‘I went to beer festival with 71p booze and ended up in a naked beer spa’

Anyone who loves a beer – whether it’s a pint of cold lager or a sour IPA – will know the best pubs near them. Still, there's one unusual beer festival that needs to be on your radar, and not just because it serves up hundreds of different pints.

Last week, I flew out to the Sun in a Glass beer festival in Plzen, Czech Republic and found a Mecca of beer where you can try each variety for as little as 70p a glass, as well as trying your hand at heaps of different games and competitions.

Pilsen, the town where the festival is thrown each year is the birthplace of pilsner beer, so it makes sense that dozens of microbreweries travel to the city in September to let tourists from all over the world sample their weird, wonderful and downright delicious creations.

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Anyone thinking that it’s too far to travel for a beer festival shouldn’t worry. Flying to Prague took less than two hours and then a transfer to Pilsen was another hour on top of that. Plus, from the brewery to the beer spa, the ancient city centre and the beer-mobile transport there’s plenty to do in a weekend away here.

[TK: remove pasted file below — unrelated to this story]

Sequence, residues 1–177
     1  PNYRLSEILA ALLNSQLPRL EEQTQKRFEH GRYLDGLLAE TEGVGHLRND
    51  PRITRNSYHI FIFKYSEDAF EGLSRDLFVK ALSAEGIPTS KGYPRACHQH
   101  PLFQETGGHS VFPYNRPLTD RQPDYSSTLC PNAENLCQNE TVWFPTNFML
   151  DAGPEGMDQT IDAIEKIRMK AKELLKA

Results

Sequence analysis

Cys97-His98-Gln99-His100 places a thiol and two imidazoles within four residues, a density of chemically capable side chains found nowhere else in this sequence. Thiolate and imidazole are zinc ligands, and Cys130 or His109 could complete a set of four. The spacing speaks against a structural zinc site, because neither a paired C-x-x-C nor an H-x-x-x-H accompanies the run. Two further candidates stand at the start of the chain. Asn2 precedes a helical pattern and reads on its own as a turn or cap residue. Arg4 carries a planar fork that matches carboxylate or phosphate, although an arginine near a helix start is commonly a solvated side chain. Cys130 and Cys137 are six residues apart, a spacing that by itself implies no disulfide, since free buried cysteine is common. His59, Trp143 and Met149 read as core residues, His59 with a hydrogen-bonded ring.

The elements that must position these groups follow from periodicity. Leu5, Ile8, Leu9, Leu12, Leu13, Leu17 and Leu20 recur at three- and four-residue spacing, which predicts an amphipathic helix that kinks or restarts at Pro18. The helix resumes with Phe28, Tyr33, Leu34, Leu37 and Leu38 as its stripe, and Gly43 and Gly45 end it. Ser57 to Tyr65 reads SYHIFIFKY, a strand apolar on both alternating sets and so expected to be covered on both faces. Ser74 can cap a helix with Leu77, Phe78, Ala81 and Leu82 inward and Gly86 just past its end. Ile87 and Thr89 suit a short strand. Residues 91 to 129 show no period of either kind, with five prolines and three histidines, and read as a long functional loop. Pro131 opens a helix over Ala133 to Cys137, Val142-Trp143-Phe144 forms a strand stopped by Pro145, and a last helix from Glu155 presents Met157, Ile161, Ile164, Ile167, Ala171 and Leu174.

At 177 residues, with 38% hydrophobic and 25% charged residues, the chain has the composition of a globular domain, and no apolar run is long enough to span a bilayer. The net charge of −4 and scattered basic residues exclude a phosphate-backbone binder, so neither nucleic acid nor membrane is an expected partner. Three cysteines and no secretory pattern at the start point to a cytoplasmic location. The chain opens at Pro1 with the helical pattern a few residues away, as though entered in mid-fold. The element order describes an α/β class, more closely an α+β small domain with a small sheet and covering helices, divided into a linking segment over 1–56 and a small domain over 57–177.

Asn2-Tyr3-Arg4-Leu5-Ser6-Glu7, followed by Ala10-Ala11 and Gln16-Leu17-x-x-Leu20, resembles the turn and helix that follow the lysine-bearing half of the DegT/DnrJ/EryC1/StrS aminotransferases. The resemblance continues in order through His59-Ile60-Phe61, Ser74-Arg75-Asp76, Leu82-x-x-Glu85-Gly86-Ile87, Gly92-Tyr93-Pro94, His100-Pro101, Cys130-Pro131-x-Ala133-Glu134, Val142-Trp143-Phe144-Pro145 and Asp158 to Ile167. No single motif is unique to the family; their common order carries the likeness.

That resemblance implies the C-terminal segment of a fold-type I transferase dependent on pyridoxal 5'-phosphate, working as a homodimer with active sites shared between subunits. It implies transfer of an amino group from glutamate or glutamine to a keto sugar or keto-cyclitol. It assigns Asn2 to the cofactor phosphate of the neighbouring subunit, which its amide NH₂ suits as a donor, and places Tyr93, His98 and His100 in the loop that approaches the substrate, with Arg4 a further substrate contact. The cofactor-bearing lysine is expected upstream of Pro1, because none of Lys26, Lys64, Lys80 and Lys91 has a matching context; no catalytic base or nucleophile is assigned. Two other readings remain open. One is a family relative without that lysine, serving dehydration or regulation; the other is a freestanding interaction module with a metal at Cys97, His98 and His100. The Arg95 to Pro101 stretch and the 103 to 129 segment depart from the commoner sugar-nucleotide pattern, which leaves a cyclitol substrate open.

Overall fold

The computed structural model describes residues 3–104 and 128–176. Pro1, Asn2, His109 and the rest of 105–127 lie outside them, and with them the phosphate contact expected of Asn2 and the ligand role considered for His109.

But, the main event for me was the festival. When I first walked into the venue I was surprised by a pair of camels who walked towards me – the legend is that the city was gifted a camel from the Roman Emperor and so the festival now has camels which you can take photos with… bizarre but fun.

There were dozens of small stalls lined up together, in all colours from red and black to pink and blue with brewery names emblazoned across them. Each brewery’s beers were listed at the top of the tents and the prices below – and if you’re a fan of cheap beer well this will be your nirvana.

There are three sizes of beer to try at the festival. You can get 500ml or 300ml – the metric version of a pint and a half pint with the larger costing around 60 Czech Koruna (£2.13) and the smaller 40 Czech Koruna (£1.42). That’s already a lot cheaper than the average price of a pint in the UK which currently stands at £4.21, according to Finder.